Freedom of speech is legally guaranteed by the constitution. Press outlets are privately owned and vigorous in their pluralistic views. There are four daily newspapers and several weeklies, as well as both private and public broadcast media outlets. In 2007, noted Islamic broadcaster Inshan Ishmael was arrested under the 2005 Anti-Terrorism Act for promoting a nation-wide strike, and his “Breaking Barriers” television show was pulled off the air; however, the charges were later dropped. In 2008, the Telecommunications Authority of Trinidad and Tobago completed three rounds of consultations on a new broadcasting code for radio and television broadcasters which would seek to restrict the content and nature of programming.The press has become incrementally more professional in recent years. Access to the internet is not restricted.
Freedom of religion is guaranteed under the constitution, and the government honors this provision. Foreign missionaries are free to operate, but the government allows only 35 representatives of each denomination. Academic freedom is generally observed.
Freedoms of association and assembly are respected. Civil society in Trinidad and Tobago is relatively robust, with a range of interest groups engaged in the political process. Labor unions are well organized, powerful, and politically active, although union membership has declined in recent years. Strikes are legal and occur frequently.
The judicial branch is independent, though subject to some political pressure and corruption. As a result of rising crime rates, the court system is severely backlogged, in some cases for up to five years, with an estimated 20,000 criminal cases awaiting trial. The government permits human rights monitors to visit prisons, which are severely overcrowded.
The government has struggled in recent years to come to grips with the problem of violent crime. Many Trinidadians of East Indian descent, who are disproportionately targets of abduction, blame the increase in violence and kidnapping on government corruption and police collusion. Drug-related corruption extends to the business community, and a significant amount of money is believed to be laundered through front companies. The Proceeds of Crime Act of 2000 provides severe penalties for money laundering and requires that major financial transactions be strictly monitored. The government works closely with U.S. law enforcement agencies to track drug shipments in and out of the country. Corruption in the police force, which is often drug related, is endemic, and law enforcement inefficiency results in the dismissal of some criminal cases. The police have won praise, however, for establishing a branch of Crime Stoppers, an international organization that promotes community involvement in preventing and informing on crime through a telephone hotline.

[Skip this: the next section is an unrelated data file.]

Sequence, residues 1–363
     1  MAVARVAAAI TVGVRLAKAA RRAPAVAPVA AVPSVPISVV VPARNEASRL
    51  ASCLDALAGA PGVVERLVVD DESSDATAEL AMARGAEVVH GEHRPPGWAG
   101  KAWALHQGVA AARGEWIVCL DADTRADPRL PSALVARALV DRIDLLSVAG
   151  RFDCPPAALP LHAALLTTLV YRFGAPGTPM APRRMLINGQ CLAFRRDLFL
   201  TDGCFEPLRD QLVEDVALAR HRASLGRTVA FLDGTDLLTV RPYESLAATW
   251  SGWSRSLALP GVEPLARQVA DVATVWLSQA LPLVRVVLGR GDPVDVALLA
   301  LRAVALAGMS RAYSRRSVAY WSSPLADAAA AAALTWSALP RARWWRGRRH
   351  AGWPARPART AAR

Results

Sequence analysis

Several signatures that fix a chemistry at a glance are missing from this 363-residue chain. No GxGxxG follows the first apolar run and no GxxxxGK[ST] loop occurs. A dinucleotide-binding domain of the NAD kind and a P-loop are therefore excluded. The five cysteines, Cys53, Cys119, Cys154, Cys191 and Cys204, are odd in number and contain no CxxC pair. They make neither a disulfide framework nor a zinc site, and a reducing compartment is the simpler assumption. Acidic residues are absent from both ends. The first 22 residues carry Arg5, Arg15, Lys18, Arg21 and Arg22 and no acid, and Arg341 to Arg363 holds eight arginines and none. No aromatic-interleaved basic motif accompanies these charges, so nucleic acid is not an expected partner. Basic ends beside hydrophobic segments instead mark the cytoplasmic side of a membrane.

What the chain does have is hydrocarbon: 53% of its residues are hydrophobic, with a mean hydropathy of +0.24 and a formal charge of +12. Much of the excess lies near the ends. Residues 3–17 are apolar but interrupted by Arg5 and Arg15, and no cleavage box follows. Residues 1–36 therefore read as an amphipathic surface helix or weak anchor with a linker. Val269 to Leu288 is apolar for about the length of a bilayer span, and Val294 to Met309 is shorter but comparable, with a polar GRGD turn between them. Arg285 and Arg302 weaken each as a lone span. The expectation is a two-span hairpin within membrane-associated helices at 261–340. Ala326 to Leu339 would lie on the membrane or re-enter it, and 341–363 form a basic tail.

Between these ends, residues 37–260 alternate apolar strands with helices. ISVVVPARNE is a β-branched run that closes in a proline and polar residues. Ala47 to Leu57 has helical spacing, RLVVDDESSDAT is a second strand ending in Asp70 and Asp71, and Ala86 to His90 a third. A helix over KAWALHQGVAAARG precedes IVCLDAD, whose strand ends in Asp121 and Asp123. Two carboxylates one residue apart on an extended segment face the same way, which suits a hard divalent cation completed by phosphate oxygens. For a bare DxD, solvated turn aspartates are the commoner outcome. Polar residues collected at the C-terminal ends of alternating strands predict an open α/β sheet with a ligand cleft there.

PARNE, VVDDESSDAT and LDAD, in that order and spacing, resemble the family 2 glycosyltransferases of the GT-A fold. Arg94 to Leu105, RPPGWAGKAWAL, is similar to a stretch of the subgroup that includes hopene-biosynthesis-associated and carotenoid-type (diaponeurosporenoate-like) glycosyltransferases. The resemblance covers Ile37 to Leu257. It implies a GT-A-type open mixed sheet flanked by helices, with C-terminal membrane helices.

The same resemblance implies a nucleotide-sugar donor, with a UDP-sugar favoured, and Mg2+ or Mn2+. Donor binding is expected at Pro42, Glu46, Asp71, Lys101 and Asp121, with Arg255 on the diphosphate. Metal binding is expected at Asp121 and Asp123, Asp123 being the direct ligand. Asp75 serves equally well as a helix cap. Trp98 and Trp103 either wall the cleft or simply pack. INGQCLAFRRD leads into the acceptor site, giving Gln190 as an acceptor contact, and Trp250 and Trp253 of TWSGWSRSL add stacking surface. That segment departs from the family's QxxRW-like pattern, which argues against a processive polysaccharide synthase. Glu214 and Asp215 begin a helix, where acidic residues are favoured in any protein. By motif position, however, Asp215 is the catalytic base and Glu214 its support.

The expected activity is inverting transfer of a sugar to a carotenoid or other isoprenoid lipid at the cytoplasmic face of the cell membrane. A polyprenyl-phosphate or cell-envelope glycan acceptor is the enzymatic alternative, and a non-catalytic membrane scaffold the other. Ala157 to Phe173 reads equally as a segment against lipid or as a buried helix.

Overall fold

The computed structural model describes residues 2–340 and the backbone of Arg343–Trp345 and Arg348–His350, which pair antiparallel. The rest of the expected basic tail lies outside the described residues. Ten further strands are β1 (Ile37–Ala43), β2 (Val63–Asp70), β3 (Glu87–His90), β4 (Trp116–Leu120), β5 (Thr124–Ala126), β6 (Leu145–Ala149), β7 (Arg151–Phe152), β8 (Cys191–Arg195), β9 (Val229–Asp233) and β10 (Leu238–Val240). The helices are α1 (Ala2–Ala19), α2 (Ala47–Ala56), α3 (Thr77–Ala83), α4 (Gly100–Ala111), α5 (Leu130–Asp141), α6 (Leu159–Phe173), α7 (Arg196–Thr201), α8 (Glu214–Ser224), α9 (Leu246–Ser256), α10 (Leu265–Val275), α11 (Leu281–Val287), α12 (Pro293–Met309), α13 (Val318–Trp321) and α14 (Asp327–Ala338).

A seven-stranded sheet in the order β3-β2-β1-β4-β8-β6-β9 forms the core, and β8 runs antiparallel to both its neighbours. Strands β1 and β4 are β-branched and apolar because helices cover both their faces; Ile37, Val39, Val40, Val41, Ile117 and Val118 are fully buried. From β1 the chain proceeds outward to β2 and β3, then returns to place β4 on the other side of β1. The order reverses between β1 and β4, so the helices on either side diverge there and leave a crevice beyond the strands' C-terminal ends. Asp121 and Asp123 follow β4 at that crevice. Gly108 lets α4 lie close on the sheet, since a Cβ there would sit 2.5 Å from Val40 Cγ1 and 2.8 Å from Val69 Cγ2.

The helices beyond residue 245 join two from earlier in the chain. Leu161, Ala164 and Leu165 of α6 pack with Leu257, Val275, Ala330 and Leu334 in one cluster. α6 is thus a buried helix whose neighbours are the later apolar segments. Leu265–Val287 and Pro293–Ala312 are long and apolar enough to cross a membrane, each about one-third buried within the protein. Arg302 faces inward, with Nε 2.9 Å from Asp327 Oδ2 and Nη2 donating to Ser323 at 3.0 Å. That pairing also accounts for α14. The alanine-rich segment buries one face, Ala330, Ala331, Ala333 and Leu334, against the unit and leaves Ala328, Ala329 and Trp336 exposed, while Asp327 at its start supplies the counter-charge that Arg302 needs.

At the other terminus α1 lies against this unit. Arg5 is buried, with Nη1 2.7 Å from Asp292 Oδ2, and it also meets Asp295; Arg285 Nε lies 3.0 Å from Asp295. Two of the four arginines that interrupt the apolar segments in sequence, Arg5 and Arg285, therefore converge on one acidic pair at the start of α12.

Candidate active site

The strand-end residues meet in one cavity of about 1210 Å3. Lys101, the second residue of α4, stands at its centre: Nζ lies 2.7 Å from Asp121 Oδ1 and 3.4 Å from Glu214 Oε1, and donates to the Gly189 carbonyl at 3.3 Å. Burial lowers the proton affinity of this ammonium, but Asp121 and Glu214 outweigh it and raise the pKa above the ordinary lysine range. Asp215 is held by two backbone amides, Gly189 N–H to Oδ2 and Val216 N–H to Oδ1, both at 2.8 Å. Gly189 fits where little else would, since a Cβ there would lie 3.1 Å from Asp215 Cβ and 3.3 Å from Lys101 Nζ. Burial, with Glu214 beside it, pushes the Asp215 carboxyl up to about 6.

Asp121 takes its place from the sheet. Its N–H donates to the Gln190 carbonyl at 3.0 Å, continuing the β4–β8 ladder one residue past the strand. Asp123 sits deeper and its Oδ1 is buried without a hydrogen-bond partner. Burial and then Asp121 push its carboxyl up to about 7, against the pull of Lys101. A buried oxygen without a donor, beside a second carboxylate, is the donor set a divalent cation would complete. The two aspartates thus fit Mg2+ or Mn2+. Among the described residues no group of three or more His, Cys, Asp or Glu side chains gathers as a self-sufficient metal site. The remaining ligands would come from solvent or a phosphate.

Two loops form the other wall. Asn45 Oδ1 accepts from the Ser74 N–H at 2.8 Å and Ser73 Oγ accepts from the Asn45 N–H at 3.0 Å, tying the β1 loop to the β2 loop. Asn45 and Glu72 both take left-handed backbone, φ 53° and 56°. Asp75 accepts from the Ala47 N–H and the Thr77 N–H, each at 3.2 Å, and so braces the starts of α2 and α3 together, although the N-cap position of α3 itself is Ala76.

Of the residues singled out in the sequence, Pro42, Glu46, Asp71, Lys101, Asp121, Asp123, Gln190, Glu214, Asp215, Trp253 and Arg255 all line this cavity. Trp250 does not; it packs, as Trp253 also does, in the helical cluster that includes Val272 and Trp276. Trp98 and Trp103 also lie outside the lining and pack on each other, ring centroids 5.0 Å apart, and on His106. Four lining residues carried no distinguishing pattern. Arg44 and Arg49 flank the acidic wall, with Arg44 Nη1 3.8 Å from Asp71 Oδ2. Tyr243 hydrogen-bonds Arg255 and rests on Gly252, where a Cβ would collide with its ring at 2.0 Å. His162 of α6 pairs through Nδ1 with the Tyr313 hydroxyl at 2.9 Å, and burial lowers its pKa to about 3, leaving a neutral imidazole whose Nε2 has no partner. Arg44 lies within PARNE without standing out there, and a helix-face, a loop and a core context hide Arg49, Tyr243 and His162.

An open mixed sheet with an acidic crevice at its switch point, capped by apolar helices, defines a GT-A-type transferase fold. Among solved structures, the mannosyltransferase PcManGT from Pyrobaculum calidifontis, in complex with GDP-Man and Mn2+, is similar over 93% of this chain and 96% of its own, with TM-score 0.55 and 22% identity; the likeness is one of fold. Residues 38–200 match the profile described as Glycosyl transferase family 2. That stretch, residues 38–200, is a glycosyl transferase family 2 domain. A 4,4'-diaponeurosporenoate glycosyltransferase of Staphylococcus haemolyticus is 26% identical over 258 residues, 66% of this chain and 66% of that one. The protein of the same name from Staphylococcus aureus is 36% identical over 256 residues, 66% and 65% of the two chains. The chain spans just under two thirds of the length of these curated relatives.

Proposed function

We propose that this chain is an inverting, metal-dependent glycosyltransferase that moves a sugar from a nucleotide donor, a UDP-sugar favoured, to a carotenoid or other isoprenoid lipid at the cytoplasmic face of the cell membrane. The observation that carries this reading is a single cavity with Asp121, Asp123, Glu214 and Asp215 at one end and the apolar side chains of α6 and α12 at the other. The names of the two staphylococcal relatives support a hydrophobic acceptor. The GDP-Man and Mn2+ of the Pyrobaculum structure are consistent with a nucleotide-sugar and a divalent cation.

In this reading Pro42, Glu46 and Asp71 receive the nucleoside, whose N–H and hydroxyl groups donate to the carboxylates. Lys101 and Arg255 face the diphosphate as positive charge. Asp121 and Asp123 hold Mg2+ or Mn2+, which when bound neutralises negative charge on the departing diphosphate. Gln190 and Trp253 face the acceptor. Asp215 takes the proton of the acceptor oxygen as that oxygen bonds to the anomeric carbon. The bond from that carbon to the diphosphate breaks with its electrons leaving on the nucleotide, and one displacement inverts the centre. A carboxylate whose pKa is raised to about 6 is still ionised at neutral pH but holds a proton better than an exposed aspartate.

Trinidad and Tobago is one of the few countries in Latin America and the Caribbean that is grappling with the problem of Islamic extremism. In 2007, a four-person terrorist plot to blow up a fuel line at JFK airport in New York involved a Trinidadian suspect, but no formal links were found to Jamaat al-Muslimeen, a small radical Muslim group that had staged a coup attempt in Port-of-Spain in 1991, causing 23 deaths.
The population is multiethnic, consisting of Afro-Trinidadians, Indo-Trinidadians, and those of mixed race. The Indo-Trinidadian community continues to edge toward numerical, and thus political, advantage. Accusations of racial discrimination are often leveled in Parliament, and racial disparities persist, with Indo-Trinidadians composing a disproportionate percentage of the country’s upper class. However, the country’s leadership does alternate among the two dominant parties, and voting does not occur on strict ethnic lines. Parties have loose ethnic affiliations, but are not strictly defined by ethnicity.
Gender discrimination is forbidden under the constitution, and women participate in high-level politics, including about one-sixth of the seats in the House of Representatives and one-fifth of the Senate’s seats. Women are present in the public and private sectors, but men still dominate most leadership positions, and salary gaps continue to favor men. Domestic violence concerns remain quite significant. While serious crimes such as murder and rape are reported, other instances of abuse go unreported. In 2008, the head of the Family Planning Association, a local NGO, highlighted concerns about the high incidence of sexual abuse committed against children.